This proposal is directed towards the understanding of the mechanisms that govern antibody diversification during an adaptive immune response. Antibodies are polypeptide complexes produced from B-lymphocytes that are present in the bodily fluids of vertebrates, and are used by the immune system to identify and neutralize various foreign antigens. Newly generated B cells migrate from bone- marrow to secondary lymphoid organs where they encounter antigens, and are stimulated to further undergo two Immunoglobulin (Ig) gene alterations known as class switch recombination (CSR) and somatic hypermutation (SHM). CSR is a B cell-specific DNA rearrangement reaction that replaces an Ig heavy chain constant region gene (CH) from C? with other downstream CH exons so that secondary isotypes (IgG, IgA etc) with different effector functions are generated. SHM, on the other hand, introduces point mutations into V genes at a very high rate, ultimately leading to increased antibody affinity. Though two distinct processes, CSR and SHM absolutely require transcription through the relevant Ig loci and activity of a single-strand DNA deaminase, Activation Induced cytidine Deaminase (AID). AID introduces point mutations in the at specific Ig locus DNA sequences (switch (S) sequences or variable regions (V) genes) that are then converted to DNA lesions (double-strand breaks or mutations) to initiate CSR and SHM. The mechanism by which AID introduces these mutations in the Ig locus in a regulated fashion is an active field of investigation. Our recent studies indicate that AID utilizes the cellular non-codin RNA degradation/processing complex, RNA exosome, to mutate both strands of substrate DNA sequences. Using a combination of modern proteomic approaches, high- throughput genomics and mouse genetics we continue to study the mechanism of function of RNA exosome/AID complex function during CSR and SHM. Understanding the mechanism of AID function is of paramount importance. Human patients with inactivating mutations in the AID gene suffer from Hyper-IgM syndrome (HIGM2), whereas aberrant expression of AID may lead to various B and T cell malignancies. Understanding of AID function in B-lymphocytes will allow treatment of these patients with directed clinical therapies.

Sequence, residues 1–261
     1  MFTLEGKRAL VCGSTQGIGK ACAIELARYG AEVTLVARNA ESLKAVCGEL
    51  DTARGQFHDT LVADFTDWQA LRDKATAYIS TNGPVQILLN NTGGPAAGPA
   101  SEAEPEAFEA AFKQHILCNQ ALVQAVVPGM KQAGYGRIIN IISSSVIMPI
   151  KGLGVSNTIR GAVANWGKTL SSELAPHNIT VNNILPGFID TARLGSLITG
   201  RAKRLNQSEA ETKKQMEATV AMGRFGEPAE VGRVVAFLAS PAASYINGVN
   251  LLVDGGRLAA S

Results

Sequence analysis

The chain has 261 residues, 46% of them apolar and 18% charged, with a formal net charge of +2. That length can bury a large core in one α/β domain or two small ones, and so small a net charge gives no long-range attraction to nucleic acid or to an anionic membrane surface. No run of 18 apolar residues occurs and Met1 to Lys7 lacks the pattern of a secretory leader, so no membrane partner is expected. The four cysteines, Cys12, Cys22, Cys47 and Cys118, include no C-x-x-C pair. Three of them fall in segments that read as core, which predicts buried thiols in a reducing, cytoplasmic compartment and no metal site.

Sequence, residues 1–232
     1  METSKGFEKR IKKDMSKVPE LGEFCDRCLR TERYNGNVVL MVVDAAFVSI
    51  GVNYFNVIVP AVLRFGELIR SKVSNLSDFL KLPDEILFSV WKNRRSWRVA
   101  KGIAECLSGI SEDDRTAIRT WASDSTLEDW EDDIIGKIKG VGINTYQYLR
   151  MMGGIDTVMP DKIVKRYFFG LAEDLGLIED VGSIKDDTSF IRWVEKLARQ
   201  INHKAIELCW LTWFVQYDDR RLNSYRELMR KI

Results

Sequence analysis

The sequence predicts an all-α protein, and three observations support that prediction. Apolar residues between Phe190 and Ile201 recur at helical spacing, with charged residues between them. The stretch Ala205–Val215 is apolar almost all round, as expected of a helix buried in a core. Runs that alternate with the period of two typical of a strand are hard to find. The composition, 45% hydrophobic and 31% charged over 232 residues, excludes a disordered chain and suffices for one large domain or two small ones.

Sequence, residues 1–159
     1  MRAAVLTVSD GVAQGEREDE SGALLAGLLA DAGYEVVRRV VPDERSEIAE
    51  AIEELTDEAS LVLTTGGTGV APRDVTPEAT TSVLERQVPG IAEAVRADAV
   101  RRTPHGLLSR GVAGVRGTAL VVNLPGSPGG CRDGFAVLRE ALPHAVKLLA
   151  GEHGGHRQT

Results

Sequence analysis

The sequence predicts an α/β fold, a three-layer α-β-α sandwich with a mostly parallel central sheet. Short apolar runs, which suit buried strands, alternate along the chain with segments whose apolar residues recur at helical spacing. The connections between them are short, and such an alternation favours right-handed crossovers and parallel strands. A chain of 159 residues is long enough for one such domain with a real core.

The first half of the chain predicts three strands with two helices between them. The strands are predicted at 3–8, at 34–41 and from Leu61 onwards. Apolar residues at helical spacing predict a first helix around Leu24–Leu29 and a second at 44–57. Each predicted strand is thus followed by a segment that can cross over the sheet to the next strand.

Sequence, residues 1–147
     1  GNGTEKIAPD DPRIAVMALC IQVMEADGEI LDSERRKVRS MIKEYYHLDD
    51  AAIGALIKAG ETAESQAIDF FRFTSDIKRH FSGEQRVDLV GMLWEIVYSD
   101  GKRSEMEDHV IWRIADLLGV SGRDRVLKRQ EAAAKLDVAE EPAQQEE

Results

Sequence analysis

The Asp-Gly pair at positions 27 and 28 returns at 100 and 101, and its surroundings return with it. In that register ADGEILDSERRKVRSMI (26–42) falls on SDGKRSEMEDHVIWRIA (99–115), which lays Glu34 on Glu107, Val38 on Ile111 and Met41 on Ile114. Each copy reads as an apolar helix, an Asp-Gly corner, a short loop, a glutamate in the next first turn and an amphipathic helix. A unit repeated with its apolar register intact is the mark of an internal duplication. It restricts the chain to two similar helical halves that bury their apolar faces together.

Public Health Relevance

This proposal investigates the mechanism of regulation of the proto-oncogene Activation Induced cytidine Deaminase (AID) by the non-coding RNA degradation complex, RNA exosome. AID is essential for initiating the class switch recombination (CSR) and somatic hypermutation (SHM), two processes required for generation of antibodies that participate in bio-defense via adaptive immune response.

Agency
National Institute of Health (NIH)
Institute
National Institute of Allergy and Infectious Diseases (NIAID)
Type
Research Project (R01)
Project #
5R01AI099195-03
Application #
8651873
Study Section
Cellular and Molecular Immunology - A Study Section (CMIA)
Program Officer
Nasseri, M Faraz
Project Start
2012-05-07
Project End
2017-04-30
Budget Start
2014-05-01
Budget End
2015-04-30
Support Year
3
Fiscal Year
2014
Total Cost
$398,013
Indirect Cost
$148,013
Name
Columbia University
Department
Microbiology/Immun/Virology
Type
Schools of Medicine
DUNS #
621889815
City
New York
State
NY
Country
United States
Zip Code
10032
Pefanis, Evangelos; Wang, Jiguang; Rothschild, Gerson et al. (2014) Noncoding RNA transcription targets AID to divergently transcribed loci in B cells. Nature 514:389-93
Sun, Jianbo; Rothschild, Gerson; Pefanis, Evangelos et al. (2013) Transcriptional stalling in B-lymphocytes: A mechanism for antibody diversification and maintenance of genomic integrity. Transcription 4:
Sun, Jianbo; Keim, Celia D; Wang, Jiguang et al. (2013) E3-ubiquitin ligase Nedd4 determines the fate of AID-associated RNA polymerase II in B cells. Genes Dev 27:1821-33
Keim, Celia; Kazadi, David; Rothschild, Gerson et al. (2013) Regulation of AID, the B-cell genome mutator. Genes Dev 27:1-17